A review of the new photo exhibition at the MO Modern Art museum
On the news website emergingeurope.com Craig Turp-Balazs writes about the new photo exhibition at the MO Modern Art museum in Vilnius. The show analyzes the theme of celebration and looks at how festivities help people process change.
The exhibition asserts that we participate in state, ideological or religious, mass or personal celebrations, but also asks how often do we think about their significance? The works of Lithuanian photographers and contemporary artists of various generations from the MO Museum and other collections present one of the most characteristic features of Lithuanian photography – celebration.
MO Museum Director Milda Ivanauskienė said the museum has one of the largest photography collections in Lithuania. She explains that the exhibition emphasizes the changes we experience during celebrations and the changes brought on by celebrations. While we are still in pandemic mode, a time of transition and transformation, the broad interpretation of celebrations and their ability to inspire change becomes even more relevant.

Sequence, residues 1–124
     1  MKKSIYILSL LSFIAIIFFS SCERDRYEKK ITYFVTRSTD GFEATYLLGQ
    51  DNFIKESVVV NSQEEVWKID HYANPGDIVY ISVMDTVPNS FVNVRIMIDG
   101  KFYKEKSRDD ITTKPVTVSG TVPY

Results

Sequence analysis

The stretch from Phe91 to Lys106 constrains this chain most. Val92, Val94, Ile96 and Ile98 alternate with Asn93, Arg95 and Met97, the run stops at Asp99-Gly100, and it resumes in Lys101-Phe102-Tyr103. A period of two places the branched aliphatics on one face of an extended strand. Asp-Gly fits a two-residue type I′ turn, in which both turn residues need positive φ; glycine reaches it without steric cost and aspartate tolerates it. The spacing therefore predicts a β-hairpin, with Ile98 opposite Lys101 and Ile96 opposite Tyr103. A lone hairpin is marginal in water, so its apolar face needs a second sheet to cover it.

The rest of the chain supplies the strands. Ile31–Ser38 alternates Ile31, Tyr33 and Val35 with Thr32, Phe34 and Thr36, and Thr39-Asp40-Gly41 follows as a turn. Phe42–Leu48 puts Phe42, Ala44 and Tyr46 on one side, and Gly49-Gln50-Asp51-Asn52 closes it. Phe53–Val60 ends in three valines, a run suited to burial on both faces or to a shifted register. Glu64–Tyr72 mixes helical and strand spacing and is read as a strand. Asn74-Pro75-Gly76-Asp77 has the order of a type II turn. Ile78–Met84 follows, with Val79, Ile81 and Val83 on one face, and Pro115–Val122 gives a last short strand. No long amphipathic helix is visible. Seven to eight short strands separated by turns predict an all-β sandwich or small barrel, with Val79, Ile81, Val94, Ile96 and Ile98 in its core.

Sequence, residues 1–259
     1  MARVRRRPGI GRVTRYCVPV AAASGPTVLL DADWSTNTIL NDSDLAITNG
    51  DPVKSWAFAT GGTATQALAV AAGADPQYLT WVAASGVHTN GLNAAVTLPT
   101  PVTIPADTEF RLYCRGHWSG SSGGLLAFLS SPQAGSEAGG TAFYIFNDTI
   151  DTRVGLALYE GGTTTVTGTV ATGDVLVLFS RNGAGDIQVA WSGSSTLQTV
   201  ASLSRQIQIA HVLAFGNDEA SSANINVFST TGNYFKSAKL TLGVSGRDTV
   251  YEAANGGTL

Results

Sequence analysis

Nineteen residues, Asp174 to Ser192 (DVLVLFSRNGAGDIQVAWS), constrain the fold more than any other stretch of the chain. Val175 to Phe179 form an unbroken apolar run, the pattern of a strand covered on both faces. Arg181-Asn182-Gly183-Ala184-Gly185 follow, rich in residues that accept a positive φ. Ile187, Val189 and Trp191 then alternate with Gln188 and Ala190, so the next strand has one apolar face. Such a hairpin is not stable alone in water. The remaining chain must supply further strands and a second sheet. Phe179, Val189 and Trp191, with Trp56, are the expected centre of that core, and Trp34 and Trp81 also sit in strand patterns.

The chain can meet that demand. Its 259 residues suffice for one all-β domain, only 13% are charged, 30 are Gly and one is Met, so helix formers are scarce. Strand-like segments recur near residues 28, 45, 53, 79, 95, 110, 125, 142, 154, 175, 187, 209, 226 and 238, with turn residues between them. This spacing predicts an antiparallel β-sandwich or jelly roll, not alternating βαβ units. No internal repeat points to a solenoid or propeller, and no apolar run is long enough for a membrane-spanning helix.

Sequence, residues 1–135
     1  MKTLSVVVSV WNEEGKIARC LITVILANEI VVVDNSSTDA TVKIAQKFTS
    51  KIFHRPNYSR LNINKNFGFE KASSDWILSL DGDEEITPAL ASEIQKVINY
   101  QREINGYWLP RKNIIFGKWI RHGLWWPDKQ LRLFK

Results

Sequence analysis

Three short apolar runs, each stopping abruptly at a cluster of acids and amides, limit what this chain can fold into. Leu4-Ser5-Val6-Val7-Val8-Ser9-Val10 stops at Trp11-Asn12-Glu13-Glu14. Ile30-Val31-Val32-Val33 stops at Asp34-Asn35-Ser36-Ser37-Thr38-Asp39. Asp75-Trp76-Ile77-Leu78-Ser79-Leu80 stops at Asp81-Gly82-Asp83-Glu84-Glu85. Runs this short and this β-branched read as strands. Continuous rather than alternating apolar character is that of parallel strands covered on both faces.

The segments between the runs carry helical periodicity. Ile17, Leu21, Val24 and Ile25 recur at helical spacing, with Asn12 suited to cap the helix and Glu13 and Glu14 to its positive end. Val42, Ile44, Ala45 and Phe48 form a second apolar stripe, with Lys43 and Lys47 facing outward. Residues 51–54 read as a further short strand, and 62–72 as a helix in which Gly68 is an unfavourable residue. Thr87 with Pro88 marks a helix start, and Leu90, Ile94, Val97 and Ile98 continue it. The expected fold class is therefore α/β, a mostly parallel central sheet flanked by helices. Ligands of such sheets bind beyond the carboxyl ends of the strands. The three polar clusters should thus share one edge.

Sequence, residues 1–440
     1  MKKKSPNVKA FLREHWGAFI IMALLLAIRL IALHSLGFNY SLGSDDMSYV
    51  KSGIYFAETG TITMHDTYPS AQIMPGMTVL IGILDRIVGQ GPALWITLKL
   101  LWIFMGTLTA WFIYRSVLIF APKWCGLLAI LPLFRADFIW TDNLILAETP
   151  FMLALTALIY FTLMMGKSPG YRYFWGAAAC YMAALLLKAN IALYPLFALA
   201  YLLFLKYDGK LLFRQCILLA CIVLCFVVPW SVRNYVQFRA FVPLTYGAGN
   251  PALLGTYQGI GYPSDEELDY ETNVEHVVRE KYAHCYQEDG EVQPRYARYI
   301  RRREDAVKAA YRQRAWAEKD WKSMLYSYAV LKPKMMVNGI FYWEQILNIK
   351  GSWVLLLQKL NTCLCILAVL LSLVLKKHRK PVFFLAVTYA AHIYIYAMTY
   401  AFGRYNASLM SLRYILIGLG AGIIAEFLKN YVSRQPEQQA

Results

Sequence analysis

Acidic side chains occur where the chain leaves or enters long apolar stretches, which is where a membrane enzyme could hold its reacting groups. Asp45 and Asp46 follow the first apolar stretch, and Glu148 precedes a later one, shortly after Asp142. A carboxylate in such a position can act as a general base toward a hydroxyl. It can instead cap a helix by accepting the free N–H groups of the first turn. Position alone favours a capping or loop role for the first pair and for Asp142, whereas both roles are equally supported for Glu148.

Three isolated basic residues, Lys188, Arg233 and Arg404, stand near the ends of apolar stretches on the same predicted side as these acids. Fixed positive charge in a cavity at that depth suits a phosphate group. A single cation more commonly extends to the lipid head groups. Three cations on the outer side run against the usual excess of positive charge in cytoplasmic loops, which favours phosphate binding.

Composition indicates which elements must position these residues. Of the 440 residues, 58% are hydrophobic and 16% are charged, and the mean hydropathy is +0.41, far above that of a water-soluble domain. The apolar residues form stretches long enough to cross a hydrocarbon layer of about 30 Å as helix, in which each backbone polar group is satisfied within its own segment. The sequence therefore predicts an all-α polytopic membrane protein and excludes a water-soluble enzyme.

The Celebrate for Change exhibition takes an unconventional look at weddings, midsummer festivals, independence days, anniversaries. What do all these events have in common?
“All celebrations share a common trait: they either help us experience change, or they themselves encourage that change to happen. It doesn’t matter whether these changes occur in our personal lives or within our countries, their structure always remains the same,” said the exhibition’s curator Tomas Pabedinskas. “The celebration can serve as a resistance to restrictive political systems, social structures and cultural norms. During celebrations, we also create new principles of public life and get rid of traditional behavioural norms or social roles.”
Photography immortalizes festivities but also becomes a part of them. The ritual of photography establishes relations between participants of the celebration, and the photograph seems to guarantee their longevity. Photography often determines the form of the celebration itself, the appearance and behaviour of its participants, and the celebration is turned into a “photogenic” performance.
The Celebrate for Change exhibition will run until February 2022.
News from emergingeurope.com
Photos by Rytis Seskaitis, courtesy MO Modern Art Museum/Go Vilnius.